Tuesday, August 09, 2005

A day in the woods

Togetherness is a lovely thing, but so is alone time. It’s funny how it took me 29 years to really appreciate the whole “room of one’s own” concept, but now that I’ve picked up on it, I hold it close like my own version of Sue-Lynn’s secret in The Anything Box. It’s still hard for me to ask for alone time, but I’m better at it than I used to be. Maybe that’s because it took me a while to know who I am and recognize the need for time alone in order to stay grounded in myself. Good lord, I sound like a self-help book.

Anyway, today I spent the afternoon at Walden Pond and it was glorious. Except when exactly did the Parks Service decide to turn the pond into a police state? The main parking lot was closed and instead of letting us swimmers park near the high school and walk across Rt. 2, the park rangers were staked out near all the trailheads to keep people away from the pond. Seething, I hugged my beach bag and managed to slip past a guy on a horse. When I got to the pond, I realized why the rangers are being all militant. The water level is so high that there are virtually no beach areas outside the main bathing beach. As I picked my way down the pond path, I came across enclaves of beachgoers up in the woods, camped out on towels and folding chairs as if the loam had magically turned to sand. Luckily, I managed to find a little rocky spot that wasn’t mobbed with screaming 8-year olds. I put my stuff down and hopped in the water.

Walden’s a special spot for a lot of people. There’s something meditative and calming about the place that goes above and beyond what you normally find in a pond. Maybe all that transcendentalism leached into the ground back when Thoreau built his little cabin. Maybe it’s just one of those places that holds you in thrall for no apparent reason. I’ve been going there since I was tiny. My parents would take my brother and me down to Little Cove for the day when we were little, so we could splash around and give them ten minutes of peace to read their books. The distance between one side of the cove and the other always seemed so far, and the water seemed so deep. I used to do loopdiloops in the water and imagine I was a nyad (because I was a dork even as a small child), basking in the way the sunlight refracted in the pondy greenness. Glenn and I used to go there on the way home from work to do distance swims from shore to shore. But no matter who I shared it with, Walden always felt like my own place in a way that I’m sure a lot of people feel.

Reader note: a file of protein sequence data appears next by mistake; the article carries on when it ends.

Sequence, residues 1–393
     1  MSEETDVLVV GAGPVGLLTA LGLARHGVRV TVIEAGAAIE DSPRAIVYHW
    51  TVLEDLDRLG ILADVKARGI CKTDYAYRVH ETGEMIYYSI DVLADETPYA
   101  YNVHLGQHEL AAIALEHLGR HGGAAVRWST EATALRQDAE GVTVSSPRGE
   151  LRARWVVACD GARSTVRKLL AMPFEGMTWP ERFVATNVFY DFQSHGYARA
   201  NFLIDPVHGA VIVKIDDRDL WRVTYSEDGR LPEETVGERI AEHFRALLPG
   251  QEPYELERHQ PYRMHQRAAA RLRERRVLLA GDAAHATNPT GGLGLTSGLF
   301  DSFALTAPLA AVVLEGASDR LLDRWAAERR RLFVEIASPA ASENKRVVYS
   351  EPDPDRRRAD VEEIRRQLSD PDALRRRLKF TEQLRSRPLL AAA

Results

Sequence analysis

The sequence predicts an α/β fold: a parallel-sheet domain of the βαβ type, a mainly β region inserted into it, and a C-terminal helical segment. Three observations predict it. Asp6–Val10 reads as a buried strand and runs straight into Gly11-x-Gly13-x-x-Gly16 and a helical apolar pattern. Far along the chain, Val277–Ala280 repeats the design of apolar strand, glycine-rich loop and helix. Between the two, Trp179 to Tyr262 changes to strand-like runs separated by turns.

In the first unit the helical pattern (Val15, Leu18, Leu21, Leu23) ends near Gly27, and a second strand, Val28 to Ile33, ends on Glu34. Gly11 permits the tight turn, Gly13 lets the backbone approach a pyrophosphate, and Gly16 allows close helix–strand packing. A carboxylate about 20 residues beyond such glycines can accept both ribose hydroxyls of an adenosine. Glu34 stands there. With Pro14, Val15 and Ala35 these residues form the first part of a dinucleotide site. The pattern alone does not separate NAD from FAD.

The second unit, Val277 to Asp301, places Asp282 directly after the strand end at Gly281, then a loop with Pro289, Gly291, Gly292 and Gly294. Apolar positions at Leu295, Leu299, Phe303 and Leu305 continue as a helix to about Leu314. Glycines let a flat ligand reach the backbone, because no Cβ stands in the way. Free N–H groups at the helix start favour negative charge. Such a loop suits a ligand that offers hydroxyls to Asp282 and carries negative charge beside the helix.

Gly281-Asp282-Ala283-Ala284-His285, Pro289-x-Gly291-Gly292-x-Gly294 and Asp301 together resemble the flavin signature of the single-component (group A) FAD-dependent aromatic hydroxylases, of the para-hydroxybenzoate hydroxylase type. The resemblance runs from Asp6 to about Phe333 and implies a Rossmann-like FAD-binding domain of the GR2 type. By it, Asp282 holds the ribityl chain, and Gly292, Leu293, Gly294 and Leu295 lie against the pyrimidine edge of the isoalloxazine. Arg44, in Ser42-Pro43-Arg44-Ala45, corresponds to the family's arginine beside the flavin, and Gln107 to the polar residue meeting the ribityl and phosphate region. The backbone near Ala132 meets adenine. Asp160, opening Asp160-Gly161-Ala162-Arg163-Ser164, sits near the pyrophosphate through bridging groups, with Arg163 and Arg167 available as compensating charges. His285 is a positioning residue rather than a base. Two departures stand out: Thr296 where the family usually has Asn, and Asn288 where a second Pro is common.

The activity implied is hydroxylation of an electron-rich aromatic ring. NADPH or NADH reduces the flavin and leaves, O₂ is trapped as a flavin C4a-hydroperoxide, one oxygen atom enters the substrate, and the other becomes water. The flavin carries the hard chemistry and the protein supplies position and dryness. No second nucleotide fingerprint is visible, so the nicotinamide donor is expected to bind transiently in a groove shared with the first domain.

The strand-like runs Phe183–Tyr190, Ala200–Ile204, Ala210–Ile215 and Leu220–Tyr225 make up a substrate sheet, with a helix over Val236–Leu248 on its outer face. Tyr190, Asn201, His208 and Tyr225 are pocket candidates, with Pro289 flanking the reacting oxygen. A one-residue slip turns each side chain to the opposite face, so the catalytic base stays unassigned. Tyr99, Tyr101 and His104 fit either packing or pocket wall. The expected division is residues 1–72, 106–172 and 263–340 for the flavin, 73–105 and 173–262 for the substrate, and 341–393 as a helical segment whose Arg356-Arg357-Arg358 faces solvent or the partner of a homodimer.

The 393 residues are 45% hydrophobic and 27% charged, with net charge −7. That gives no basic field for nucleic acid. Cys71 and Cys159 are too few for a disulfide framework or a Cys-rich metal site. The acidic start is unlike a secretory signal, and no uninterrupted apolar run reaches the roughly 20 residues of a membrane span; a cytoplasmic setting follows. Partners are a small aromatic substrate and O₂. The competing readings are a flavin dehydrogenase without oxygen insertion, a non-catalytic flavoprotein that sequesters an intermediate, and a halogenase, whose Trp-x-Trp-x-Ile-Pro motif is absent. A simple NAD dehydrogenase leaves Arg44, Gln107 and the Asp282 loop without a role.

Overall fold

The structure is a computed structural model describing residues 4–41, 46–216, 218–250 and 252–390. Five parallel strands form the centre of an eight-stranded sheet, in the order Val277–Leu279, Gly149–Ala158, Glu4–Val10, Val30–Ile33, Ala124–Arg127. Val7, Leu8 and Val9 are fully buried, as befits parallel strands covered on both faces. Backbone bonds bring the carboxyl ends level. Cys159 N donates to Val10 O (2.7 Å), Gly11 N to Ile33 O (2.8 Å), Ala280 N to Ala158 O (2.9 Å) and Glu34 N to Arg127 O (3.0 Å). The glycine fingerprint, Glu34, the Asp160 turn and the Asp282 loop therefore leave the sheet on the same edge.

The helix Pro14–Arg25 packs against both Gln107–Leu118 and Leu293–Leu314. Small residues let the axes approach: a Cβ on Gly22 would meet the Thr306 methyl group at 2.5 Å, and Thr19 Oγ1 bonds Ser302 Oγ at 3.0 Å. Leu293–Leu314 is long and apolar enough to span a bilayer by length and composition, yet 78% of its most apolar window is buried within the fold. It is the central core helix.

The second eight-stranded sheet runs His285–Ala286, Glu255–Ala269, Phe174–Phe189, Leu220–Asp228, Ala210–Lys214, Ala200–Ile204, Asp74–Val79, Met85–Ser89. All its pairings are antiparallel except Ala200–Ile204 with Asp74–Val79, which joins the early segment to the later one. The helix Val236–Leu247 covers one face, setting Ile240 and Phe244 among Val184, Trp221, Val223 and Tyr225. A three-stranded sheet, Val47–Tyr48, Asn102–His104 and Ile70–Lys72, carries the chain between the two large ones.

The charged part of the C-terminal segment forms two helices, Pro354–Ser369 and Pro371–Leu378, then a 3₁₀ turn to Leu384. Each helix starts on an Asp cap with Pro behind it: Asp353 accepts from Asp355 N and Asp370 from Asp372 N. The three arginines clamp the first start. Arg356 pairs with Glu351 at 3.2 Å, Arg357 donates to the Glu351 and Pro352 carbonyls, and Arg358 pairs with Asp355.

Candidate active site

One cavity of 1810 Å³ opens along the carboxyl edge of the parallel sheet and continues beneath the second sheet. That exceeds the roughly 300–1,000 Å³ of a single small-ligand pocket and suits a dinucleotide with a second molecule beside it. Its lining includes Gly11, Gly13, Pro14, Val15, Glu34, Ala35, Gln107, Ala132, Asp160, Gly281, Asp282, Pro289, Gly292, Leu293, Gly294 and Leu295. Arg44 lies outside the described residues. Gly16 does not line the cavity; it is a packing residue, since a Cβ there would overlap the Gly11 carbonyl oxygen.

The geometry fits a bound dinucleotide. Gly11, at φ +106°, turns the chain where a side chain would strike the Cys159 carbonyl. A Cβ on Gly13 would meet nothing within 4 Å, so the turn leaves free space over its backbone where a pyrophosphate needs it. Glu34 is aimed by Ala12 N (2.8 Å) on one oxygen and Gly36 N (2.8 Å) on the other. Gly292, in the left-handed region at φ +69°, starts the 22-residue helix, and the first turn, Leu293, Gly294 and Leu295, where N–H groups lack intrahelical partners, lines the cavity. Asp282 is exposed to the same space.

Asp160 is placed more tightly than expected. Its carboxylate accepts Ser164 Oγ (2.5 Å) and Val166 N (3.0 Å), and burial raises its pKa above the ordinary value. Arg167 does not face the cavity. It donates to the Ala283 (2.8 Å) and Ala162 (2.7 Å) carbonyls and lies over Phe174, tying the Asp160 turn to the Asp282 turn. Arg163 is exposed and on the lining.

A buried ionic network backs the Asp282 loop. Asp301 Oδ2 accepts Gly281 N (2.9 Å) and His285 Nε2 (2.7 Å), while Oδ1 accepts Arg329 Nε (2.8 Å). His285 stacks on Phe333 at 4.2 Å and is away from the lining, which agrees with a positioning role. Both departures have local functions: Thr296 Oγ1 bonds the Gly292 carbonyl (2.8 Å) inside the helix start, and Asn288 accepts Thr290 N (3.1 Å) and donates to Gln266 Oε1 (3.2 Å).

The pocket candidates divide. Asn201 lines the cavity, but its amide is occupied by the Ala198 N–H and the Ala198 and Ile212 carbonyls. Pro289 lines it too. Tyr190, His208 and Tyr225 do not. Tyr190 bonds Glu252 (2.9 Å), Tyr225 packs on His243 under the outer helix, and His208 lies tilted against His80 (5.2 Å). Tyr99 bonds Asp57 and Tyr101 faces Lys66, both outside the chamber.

So Walden was a perfect place to go and be by myself today. I swam back and forth between the edge of Little Cove and the far side of the bank a couple of times, looking at the sky and letting the water hold me up. It’s a kettle pond, so by August the water has soaked up enough warmth that it feels like a heated pool. The last time I went swimming for real was at the public pool on Sepulveda in LA, although we did a bunch of paddling between the dock and the float up in Ossipee last month. It felt great to just let go and not have to think about anything or anyone.

After I swam, I sat on a rock with my legs dangling into the water and read for a while. The clouds came in later in the afternoon, so I drove into Concord center and got a snack at one of the cafes. Then I wandered through the Concord Bookshop and picked up the new Harry Potter and Thisbe Nissen’s latest book. My arms and legs were weighted down with that wonderful post-swim sleepiness, and I felt whole and centered. I think I needed to know that I could still have days like today. Like a good yoga practice, it renewed my faith.

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